SIGTRAP   Trace/breakpoint trap
 SIGUNUSED Synonymous with SIGSYS
 SIGXCPU   CPU time limit exceeded (4.2BSD);
           ee setrlimit(2)
 SIGXFSZ   File size limit exceeded (4.2BSD);

As typical of the Linux kernel, there are methods for configuring many options around what is done with core files. Some examples are: what memory segments are stored in a core, the file size limit, where a core should be saved, what it should be named; and many more. I’ll be focusing on configuring the kernel to send a core to a user-defined program, and how we’ve utilised this on our hosting at Discourse to monitor any segfaults occurring across our infrastructure.

Since Linux 2.6, the kernel exposes a setting in the proc filesystem at /proc/sys/kernel/core_pattern (or sysctl kernel.core_pattern) which can be used to modify how a core file is named. This functionality was extended in Linux 2.6.19.

From the core(5) manual:

 Piping core dumps to a program
   Since kernel 2.6.19, Linux supports an alternate syntax for the /proc/sys/kernel/core_pattern
   file. If the first character of this file is a pipe symbol (|), then  the  remainder
   of the line is interpreted as the command-line for a user-space program (or script)
   that is to be executed.

This can be leveraged in many ways! In our case, we wanted to use this functionality for monitoring segfaults. It was important that the solution needed to work for both containerised processes and those running in the initial namespace.

Thankfully, this is the case:

 The  process  runs in the initial namespaces (PID, mount, user, and so on) and
 not in the namespaces of the crashing process.

Let’s take a look at the core_pattern we ended up with, and then the simple program that processes the core.

 $ cat /proc/sys/kernel/core_pattern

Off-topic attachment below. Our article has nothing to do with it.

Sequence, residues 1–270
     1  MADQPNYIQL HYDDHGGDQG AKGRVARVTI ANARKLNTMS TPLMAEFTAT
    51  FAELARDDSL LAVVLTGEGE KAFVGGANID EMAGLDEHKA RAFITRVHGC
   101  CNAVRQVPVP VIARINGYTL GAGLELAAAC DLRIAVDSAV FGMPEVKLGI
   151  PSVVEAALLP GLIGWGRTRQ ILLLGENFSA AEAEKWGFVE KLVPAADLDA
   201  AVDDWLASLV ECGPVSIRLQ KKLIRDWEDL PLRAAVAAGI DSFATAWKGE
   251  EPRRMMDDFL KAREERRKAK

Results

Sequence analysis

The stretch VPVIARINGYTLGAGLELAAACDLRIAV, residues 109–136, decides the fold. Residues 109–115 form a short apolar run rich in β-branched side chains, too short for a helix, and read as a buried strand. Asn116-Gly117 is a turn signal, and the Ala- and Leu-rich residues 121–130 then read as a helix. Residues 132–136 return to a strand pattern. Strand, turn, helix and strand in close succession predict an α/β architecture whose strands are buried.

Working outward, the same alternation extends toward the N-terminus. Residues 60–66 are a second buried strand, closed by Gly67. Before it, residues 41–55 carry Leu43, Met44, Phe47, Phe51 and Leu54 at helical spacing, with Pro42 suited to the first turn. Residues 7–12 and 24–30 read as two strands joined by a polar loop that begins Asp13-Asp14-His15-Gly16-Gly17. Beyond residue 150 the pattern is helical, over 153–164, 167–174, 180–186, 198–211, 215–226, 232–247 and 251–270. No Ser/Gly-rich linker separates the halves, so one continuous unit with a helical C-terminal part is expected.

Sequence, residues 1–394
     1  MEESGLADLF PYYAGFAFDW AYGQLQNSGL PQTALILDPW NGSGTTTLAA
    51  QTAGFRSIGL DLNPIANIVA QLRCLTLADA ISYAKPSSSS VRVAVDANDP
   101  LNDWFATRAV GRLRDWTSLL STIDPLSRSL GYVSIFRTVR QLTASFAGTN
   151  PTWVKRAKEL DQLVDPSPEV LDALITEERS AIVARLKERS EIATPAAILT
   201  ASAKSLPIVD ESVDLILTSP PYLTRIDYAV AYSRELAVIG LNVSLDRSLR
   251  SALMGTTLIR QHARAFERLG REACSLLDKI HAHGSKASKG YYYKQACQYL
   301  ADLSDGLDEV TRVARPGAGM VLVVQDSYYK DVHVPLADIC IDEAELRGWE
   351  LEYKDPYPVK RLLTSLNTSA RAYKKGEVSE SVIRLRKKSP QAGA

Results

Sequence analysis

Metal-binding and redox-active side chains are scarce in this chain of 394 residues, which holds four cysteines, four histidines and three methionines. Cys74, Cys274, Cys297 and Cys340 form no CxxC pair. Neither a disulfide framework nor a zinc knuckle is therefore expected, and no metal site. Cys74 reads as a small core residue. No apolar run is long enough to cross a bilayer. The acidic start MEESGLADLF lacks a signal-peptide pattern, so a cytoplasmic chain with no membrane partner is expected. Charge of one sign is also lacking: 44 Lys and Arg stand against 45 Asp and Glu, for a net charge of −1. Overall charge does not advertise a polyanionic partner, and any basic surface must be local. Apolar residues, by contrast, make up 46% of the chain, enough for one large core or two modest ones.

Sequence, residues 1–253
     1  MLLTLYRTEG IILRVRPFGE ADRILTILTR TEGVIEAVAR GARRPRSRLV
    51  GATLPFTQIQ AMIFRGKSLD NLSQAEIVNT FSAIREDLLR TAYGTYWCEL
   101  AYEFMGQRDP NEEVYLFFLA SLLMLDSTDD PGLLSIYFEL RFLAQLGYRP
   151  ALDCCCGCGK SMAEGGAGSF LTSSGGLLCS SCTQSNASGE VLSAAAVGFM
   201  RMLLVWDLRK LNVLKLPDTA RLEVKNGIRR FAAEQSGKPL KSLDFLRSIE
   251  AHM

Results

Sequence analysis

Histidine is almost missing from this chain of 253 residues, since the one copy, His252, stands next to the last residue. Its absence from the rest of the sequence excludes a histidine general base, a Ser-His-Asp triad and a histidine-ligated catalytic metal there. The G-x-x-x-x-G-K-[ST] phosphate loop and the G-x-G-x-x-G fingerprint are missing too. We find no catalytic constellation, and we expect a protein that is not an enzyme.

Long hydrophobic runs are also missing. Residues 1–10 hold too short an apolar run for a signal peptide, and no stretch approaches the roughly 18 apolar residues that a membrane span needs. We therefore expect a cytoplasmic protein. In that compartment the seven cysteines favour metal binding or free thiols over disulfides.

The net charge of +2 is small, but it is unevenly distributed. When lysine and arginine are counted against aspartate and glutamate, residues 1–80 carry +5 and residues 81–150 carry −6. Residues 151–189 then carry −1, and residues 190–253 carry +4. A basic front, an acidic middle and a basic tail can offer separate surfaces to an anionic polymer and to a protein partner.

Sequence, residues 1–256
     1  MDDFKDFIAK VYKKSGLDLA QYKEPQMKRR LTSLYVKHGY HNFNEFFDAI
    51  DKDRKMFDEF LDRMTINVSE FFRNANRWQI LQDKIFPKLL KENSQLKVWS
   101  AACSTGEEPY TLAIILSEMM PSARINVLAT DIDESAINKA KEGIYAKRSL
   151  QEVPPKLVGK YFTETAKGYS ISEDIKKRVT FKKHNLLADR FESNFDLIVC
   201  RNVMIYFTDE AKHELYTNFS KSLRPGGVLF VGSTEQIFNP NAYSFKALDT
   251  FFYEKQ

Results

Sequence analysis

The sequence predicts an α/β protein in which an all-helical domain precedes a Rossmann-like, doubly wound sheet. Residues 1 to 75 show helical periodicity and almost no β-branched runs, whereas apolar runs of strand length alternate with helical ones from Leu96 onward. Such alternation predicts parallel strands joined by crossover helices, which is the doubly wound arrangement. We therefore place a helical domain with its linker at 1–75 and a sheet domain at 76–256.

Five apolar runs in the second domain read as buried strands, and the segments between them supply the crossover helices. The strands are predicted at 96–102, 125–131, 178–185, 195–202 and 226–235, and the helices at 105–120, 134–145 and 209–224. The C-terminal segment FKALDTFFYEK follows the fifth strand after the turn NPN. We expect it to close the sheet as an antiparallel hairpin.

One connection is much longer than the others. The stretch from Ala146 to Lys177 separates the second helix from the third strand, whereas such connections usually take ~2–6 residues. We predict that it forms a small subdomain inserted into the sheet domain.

|/usr/local/sbin/process-core %h %s %E

Breaking down the different components:

  • The first part |/usr/local/sbin/process-core specifies the user-space program to which then the kernel will execute and send the core via stdin. Note the first character is | which tells the kernel that /usr/local/sbin/process-core is the user-space program.
  • As you may have guessed, %h %s %E are template specifiers to be replaced at execution time:
    %h  Hostname (same as nodename returned by uname(2)).
    %s  Number of signal causing dump.
    %E  Pathname of executable, with slashes ('/') replaced by exclamation marks ('!') (since Linux 3.0).
    
  • We can use the hostname %h to identify which host the segfault occurred on, as well as which container the segfault occurred in as container hostnames are preserved.
  • The signal number %s is important, because as mentioned earlier, there are many signals which cause a core to be produced and we want to only alert on specific signals.
  • The pathname of the executable is the final piece of information that helps narrow down what was running when the process was terminated. The ordering is important, as the pathname of the executable may contain spaces on kernels older than 5.3.0.

The process-core script isn’t included here but it is quite simple:

  • Copy the stdin stream to a file on disk
  • Increment a counter metric in Prometheus for the 4-tuple (hostname, program name, signal, core exists)

A wild segfault appears!

We utilise Prometheus and Alertmanager heavily across our infrastructure for monitoring which are very powerful and flexible tools. The alert for segfaulting processes, given the metric detailed above, looks like coredump_process_count{signal=~"SEGV|ABRT"} > 0. Or in other words: “if any metrics exist that received at SEGV or ABRT signal, fire this alert”.

When we first implemented this alert, we didn’t know what to expect. After all, how often do we really think programs are crashing and we don’t know about it? At first, the alert didn’t fire for a few days… until all of a sudden we had many (50) alerts firing over a short period, so something was up.